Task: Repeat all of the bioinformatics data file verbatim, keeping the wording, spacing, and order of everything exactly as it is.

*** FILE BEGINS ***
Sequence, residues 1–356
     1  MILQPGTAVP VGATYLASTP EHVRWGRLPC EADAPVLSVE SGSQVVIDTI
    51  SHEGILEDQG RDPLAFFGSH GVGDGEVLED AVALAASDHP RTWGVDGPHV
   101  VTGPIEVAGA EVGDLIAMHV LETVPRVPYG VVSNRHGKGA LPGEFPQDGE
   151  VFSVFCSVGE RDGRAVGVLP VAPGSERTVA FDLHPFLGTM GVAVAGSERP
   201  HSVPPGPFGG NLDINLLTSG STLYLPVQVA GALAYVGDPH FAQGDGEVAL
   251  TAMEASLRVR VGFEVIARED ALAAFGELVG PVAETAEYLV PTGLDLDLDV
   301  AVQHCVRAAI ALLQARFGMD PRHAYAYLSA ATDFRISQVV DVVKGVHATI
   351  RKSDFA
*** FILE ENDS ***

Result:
Sequence, residues 1–356
     1  MILQPGTAVP VGATYLASTP EHVRWGRLPC EADAPVLSVE SGSQVVIDTI
    51  SHEGILEDQG RDPLAFFGSH GVGDGEVLED AVALAASDHP RTWGVDGPHV
   101  VTGPIEVAGA EVGDLIAMHV LETVPRVPYG VVSNRHGKGA LPGEFPQDGE
   151  VFSVFCSVGE RDGRAVGVLP VAPGSERTVA FDLHPFLGTM GVAVAGSERP
   201  HSVPPGPFGG NLDINLLTSG STLYLPVQVA GALAYVGDPH FAQGDGEVAL
   251  TAMEASLRVR VGFEVIARED ALAAFGELVG PVAETAEYLV PTGLDLDLDV
   301  AVQHCVRAAI ALLQARFGMD PRHAYAYLSA ATDFRISQVV DVVKGVHATI
   351  RKSDFA